Lawmakers Concerned About FBI’s Lack On Answers On Parkland Shooting Failures

Juliegrace Brufke Capitol Hill Reporter
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Bipartisan concerns over the FBI’s ability to monitor potential mass shooting threats arose following the House Oversight and Government Reform’s closed-door meeting with Deputy FBI Director David Bowdich on Tuesday.

Committee members — who were briefed on the failures made by law enforcement officials during the Feb. 14 shooting at Marjory Stoneman Douglas High School in Parkland, Florida — said they were taken aback by the agency’s lack of action despite having received detailed leads on the shooter.

Democratic Illinois Rep. Raja Krishnamoorthi and Republican Florida Rep. Matt Gaetz said Bowdich was unable to answer their questions on whether the FBI has the ability to comb social media to look for signs someone is planning an attack.

“The FBI came in to  brief and they’re describing different flection points in regards to this individual’s interaction with law enforcement and mental health professionals, and they’re telling us about the different times that red flags were raised and that notice was given that this guy was going to do something horrible and tragic on a massive scale,” Gaetz told The Daily Caller. “Raja, sort of flipped that on its head and asked well,instead of sitting around waiting for the phone to ring with someone expressing concern about a dangerous individual, are we using technology, artificial intelligence, machine learning to go and regularly scrape social media platforms and digital platforms for content that would then inform on someone’s intentions.”

Krishnamoorthi said the FBI had “no good answer” on whether they are currently using their databases or searching social media profiles.

“The way they take tips, the way that they take leads has to be closely examined because the lead with regard to this specific issue was so specific issue was so specific. It was detailed, it was substantive, it was urgent,” Krishnamoorthi told TheDC. “The woman called in had been monitoring the social media, had seen the guns on his bed, said he dressed like ISIS. I mean what more do you need for an agent to go to the home.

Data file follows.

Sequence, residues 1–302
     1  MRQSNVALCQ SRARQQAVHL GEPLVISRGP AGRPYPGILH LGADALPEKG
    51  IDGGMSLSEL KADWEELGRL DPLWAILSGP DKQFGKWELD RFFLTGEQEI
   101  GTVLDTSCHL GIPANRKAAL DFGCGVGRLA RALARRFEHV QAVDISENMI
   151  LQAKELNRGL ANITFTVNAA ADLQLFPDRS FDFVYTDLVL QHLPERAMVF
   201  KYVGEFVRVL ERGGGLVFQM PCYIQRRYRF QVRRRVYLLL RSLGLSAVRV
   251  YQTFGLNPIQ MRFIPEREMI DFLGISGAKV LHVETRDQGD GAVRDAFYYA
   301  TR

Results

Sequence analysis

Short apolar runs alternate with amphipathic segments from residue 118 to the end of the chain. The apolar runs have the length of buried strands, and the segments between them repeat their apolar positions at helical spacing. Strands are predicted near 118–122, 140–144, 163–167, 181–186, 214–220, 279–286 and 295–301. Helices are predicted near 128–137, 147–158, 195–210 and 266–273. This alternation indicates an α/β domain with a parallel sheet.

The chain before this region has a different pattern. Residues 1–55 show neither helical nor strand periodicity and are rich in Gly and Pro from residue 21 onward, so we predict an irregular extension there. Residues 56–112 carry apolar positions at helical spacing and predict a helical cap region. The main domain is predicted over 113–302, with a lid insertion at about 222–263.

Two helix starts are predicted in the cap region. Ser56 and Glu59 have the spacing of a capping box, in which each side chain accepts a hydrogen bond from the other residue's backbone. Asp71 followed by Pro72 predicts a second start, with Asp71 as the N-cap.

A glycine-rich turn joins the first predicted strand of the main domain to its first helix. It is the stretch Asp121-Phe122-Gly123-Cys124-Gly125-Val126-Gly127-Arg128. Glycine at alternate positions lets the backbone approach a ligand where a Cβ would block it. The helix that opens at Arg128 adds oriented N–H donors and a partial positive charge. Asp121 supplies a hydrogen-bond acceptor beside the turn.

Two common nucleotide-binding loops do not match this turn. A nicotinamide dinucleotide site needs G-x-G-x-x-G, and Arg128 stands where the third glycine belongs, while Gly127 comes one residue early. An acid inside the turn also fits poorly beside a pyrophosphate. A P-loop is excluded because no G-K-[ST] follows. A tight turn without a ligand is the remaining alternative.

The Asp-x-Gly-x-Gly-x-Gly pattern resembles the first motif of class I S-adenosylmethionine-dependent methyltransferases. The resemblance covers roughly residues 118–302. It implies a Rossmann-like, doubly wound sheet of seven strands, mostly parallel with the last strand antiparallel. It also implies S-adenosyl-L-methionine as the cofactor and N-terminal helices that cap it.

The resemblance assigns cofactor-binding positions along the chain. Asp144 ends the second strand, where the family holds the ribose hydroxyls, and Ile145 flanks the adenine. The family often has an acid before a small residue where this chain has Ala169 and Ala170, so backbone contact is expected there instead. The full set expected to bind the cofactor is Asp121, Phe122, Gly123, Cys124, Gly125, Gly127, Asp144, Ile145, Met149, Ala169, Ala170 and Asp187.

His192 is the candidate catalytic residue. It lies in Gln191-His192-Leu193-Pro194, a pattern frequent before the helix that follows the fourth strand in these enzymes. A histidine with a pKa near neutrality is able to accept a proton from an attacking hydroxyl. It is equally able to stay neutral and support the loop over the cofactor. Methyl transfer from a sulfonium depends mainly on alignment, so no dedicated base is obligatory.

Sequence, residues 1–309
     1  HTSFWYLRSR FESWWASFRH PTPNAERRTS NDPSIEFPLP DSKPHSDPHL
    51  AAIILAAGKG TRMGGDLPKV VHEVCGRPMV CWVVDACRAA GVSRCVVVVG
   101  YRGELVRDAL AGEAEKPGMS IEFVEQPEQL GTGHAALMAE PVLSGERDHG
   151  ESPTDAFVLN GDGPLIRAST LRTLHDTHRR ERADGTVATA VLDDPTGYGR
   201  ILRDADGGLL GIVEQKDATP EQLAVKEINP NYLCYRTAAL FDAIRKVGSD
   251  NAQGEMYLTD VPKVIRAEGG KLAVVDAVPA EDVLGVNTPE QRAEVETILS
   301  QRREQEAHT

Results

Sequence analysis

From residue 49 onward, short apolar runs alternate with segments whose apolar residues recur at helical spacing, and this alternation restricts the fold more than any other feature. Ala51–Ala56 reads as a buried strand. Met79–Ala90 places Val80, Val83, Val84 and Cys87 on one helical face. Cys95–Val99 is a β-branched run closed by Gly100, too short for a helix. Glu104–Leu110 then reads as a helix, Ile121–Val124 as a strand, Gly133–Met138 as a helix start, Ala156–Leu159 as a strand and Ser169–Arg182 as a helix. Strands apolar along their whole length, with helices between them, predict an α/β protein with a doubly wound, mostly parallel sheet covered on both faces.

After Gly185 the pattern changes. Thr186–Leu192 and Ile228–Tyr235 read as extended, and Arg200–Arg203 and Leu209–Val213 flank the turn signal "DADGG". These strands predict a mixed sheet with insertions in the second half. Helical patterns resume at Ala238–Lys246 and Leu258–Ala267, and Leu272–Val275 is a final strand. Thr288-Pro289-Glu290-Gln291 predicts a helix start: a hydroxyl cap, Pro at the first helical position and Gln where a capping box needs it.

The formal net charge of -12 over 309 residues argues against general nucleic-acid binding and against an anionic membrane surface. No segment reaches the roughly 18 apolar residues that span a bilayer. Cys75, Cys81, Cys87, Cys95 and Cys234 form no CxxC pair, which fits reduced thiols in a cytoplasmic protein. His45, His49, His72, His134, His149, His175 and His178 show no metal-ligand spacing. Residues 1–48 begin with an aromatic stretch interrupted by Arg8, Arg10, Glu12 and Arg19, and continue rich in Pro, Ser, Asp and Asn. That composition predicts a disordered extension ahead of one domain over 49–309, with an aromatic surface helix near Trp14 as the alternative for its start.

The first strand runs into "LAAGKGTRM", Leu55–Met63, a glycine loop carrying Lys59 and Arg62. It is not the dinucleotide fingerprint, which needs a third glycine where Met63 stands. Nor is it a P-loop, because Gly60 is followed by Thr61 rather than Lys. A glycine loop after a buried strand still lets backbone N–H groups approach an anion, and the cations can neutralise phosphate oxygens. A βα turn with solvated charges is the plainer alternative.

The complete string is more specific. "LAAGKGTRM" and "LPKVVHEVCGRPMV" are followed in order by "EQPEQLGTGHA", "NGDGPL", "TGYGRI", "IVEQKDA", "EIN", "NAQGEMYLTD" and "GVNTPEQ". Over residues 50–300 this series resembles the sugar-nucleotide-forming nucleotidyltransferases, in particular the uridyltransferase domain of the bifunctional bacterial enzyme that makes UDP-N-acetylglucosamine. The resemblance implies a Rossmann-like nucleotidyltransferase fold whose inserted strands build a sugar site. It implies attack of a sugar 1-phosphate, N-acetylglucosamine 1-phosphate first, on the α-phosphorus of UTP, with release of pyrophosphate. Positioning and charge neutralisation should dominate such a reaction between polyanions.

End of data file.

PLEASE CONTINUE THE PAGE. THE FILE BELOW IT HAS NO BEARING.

The Illinois Democrat called for the agency to reevaluate its vetting process, calling for the FBI to search for keywords so they can start an investigation before receiving a call about suspicious behavior. 

If I were to send a lead, to call the FBI and they thought it was worthy of pursuing they would call the lead and pursue the lead,” he said. “But my question was, ‘Well we know that certain buzz words or buzz phrases like ‘I want to be a professional school shooter’ should be constantly monitored. There’s like a set of search terms, I don’t know how many, that you want to constantly be looking for across all your databases, across social media all the time. And if you come across it then you should start an investigation right away.”

Gaetz echoed Krishnamoorthi’s sentiments, adding he believes the agency needs make sure it’s utilizing all tools available to prevent similar school shootings in the future. 

“It’s ridiculous Google and Amazon and Facebook can run algorithms 24/7 against my blog, my website, my social media platforms to figure out what kind of sunscreen to sell me, but our law enforcement can’t use the very same ubiquitous technology to identify people who are most likely to do a great deal of harm,” he said.

The Florida Republican said a number of questions remain unanswered and they expect regular briefings as the investigation continues.

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Juliegrace Brufke